Knowledge is all important. The more information one has, the better the decision-making process. This holds true for any scientific inquiry, and certainly applies to hemp farming and processing. Thus, we gather information. One method for acquiring information is via the use of analytical instrumentation. Our preferred method for analysis is high performance liquid chromatography (HPLC) which accurate to within 1%.
HPLC, however, is only as accurate as the method used, operator competence, and the sampling methods employed. While we take great pride in our methods and competence, the sampling of the items to be tested is challenging. Let’s expand on that thought.
When a pharmaceutical company assays its ingredients, the chemists are sampling a nearly homogeneous bottle of white powder. Shake the bottle, and one is fairly confident that the sample pulled is representative. Two samples from the same bottle should analyze as identical. (If not, then you have problems…).
We don’t work with free-flowing homogeneous powders. We test plant material, extracted oils, and diluted products. Obtaining a representative sample of these materials is much more difficult.
Consider the analysis of hemp flower. First, you must define what a “flower” is. Does it include the adjacent fan leaves? Stems? What do you do when a sample has flower, leaves, and stems? These seemingly silly issues can change the assay results by a substantial amount. Plus, no two flowers are the same. They are the opposite of homogeneous.
We have tested flower from the same plant, and have seen variance of as much as 40% between flowers. Where the flower grows on the plant is one variable: lower buds, in general, have lower cannabinoid content than flowers close to the top of the plant. The stem and leaf issues cause more problems.
What to do?
Well, the first thought may be to simply grind the material, so that it becomes “homogeneous.” This is a mistake: All the cannabinoids are contained on the outside of the material in the trichomes: Grinding can strip the plant of its trichomes affecting assay results drastically. In essence, one can leave a bunch of cannabinoids in the grinder. We do not grind our plant samples. The whole bud is soaked to gently extract the active ingredients.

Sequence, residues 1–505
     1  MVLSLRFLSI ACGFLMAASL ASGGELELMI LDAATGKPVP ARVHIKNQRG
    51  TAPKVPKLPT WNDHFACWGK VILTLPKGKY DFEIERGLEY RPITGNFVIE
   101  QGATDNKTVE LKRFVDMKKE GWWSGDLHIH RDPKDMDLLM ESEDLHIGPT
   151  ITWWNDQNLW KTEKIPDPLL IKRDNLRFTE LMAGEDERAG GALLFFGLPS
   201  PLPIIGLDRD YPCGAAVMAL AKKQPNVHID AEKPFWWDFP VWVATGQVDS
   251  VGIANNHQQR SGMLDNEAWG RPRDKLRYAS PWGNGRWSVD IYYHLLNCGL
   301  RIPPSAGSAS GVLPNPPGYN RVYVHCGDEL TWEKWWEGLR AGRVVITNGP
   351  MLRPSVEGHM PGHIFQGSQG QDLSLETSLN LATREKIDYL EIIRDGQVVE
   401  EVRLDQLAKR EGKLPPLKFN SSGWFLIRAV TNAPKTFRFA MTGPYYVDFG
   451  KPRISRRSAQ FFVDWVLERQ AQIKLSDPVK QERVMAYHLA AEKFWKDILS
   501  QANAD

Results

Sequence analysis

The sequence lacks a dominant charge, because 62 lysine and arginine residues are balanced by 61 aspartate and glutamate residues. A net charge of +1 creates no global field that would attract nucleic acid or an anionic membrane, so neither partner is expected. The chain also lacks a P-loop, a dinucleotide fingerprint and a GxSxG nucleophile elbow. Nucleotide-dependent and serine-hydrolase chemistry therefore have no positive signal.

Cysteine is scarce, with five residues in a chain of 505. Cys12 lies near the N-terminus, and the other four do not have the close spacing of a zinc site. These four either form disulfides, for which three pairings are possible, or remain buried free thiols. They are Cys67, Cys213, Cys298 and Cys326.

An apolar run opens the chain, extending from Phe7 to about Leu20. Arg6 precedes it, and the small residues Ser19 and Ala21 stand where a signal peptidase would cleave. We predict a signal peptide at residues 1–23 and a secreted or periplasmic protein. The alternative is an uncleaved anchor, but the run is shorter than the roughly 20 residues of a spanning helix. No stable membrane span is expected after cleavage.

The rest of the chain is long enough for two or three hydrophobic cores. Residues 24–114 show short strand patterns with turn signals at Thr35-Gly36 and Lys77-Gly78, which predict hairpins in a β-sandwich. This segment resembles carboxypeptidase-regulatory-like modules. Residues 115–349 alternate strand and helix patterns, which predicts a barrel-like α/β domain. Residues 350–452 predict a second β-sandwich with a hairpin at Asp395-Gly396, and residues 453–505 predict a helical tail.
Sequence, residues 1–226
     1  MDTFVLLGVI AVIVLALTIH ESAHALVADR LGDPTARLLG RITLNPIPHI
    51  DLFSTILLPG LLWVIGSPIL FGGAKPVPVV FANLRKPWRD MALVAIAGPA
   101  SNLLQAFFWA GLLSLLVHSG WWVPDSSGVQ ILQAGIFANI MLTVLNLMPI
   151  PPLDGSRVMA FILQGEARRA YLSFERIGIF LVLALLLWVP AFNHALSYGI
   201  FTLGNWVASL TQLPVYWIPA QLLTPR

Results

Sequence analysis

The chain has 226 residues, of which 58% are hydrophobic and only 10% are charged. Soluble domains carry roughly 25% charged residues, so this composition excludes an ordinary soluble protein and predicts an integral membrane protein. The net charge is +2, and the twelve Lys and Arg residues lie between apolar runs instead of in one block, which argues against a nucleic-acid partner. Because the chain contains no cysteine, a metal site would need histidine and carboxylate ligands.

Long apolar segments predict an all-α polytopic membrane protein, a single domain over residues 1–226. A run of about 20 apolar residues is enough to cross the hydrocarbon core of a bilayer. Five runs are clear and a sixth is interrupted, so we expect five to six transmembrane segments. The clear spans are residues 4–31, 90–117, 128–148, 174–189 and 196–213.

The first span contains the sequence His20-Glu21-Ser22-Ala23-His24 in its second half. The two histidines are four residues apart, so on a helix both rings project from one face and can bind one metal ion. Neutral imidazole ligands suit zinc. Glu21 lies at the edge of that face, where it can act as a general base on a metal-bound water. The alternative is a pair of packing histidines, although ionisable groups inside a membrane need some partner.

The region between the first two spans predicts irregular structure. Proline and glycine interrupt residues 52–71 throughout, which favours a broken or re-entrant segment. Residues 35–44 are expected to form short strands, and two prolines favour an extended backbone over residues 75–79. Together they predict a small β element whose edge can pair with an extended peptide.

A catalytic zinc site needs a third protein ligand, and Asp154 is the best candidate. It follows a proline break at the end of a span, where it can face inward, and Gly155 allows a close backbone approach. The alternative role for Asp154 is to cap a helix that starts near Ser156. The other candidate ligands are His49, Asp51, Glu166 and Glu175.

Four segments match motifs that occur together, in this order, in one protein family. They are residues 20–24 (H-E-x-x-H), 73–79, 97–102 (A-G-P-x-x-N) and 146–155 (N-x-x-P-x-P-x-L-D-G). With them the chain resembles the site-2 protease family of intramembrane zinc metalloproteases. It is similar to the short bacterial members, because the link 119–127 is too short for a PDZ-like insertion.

Our “whole bud soak” method was presented at the American Chemical Society’s annual meeting in 2018. The method information is freely available to the public: contact us if interested.
The next issue is how do you determine the titer of a farmer’s crop of hundreds of pounds of biomass. How can you be sure your pulling a representative sample? What if the bag you pulled to sample consists of lots of leaves and stems, or comes from the bottom of the plant?
The only way to deal with a situation like that is to pull multiple samples, run the assays, and average the results. How many samples? That depends on how much time (money) you have. The more the better: if you have 20 containers, and take five samples from each, that’s 100 assays. That’s well and good, but 100 assays are time consuming and expensive. And you still can’t be sure the five samples pulled from each bag are representative of that bag.
The only surefire way to get an accurate titer is to assay the whole batch, and the only way to do that is to extract the whole batch and assay the extract. A rather laborious and impractical method, but is the only true measure of the cannabinoid content of the biomass.
The bottom line: Biomass assays give an approximation of the CBD and THC content. Read the assay results with care. The numbers provided could have very large error bars if limited sampling has occurred.